and PUC-created programs, are disproportionately borne by  
            customers whose electricity usage falls in the upper tiers.   
            For example, in Pacific Gas & Electric's territory, the 130%  
            of baseline quantities cost is about $0.11 per kilowatt hour,  
            while the top tiers are about $0.46 per kilowatt hour.  It is  
            uncertain when DWR will retire the ABX1 1 bond debt or fully  
            recover its costs.  At that time, however, the lower-tiered  
            rates are expected to skyrocket to provide less of a spread  
            between the 130% of baseline and the higher tiers.  By  
            restricting rate increases to an annual narrow range and  
            controlling the increase within relatively small parameters,  
            SB 695 is intended to minimize spikes in electricity rates and  


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            provide relative stability and predictability.

           3)Dynamic pricing  :  Dynamic pricing models, also called  
            time-variant pricing, are intended to reduce demand during  
            peak periods. While dynamic rates or time-of-use rates could  
            provide an incentive for customers to use less electricity at  
            peak times, consumer groups are concerned that it also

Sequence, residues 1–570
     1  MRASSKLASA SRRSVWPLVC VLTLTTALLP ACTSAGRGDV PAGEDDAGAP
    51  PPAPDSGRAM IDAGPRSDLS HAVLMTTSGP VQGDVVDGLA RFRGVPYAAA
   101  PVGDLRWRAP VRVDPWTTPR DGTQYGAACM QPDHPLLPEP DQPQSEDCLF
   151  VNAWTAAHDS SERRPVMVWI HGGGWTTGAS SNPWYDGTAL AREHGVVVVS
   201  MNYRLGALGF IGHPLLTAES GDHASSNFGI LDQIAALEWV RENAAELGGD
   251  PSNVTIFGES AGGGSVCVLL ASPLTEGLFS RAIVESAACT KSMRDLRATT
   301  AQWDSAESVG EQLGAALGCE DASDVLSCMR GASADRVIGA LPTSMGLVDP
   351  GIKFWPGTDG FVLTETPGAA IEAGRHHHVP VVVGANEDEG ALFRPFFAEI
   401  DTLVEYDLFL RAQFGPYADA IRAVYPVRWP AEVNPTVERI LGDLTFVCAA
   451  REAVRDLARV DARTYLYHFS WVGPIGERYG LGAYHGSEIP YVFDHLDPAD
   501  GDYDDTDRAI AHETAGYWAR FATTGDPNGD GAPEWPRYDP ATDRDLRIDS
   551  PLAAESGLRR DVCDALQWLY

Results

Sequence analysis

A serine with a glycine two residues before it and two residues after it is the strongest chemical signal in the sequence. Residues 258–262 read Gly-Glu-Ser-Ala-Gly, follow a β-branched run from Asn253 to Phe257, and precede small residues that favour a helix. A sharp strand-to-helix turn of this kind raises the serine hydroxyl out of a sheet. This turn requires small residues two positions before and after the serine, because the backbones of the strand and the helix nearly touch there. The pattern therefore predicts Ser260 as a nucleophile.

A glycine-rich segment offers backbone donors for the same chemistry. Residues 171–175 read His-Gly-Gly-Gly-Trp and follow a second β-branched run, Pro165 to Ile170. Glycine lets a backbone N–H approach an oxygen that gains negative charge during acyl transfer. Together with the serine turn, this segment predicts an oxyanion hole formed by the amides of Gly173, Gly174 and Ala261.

punishes those customers who may not be able to shift their  
            electricity use to off-peak times. This bill prohibits the PUC  
            from imposing mandatory dynamic pricing rates until January 1,  
            2014, but allows the PUC to allow a dynamic pricing rate  
            structure on an opt-in basis up until that time.

           4)Direct-access service  :  Direct-access service, whereby an  
            electricity customer may choose providers of electricity other  
            than their utility, was authorized as part of the  
            restructuring of the electric industry, AB 1890  
            (Brulte)/Chapter 854 of 1996.  To ensure the predictable  
            revenue stream necessary for long-term contracts procured by  
            the DWR during the energy crisis, and to prevent cost-shifting  
            from direct-access to bundled-service customers, the  
            Legislature directed the PUC to suspend direct access to  
            prevent additional migration of IOU customers.  The ability to  
            choose direct-access service was officially suspended on  
            September 20, 2001. However, PUC rules allow certain  
            "eligible" customers to begin direct-access service after the  
            suspension date and switch between bundled service and  
            direct-access service. This bill would allow the expansion of  
            direct-access service to individual retail non-residential  
            end-use customers up to the total annual kilowatt-hours  
            supplied by electric service providers for any year after  
            April 1, 1998.

           5)Related Legislation  .  AB 413 (Fuentes), a similar bill, is  
            pending in Senate Appropriations.

           Analysis Prepared by  :    Chuck Nicol / APPR. / (916) 319-2081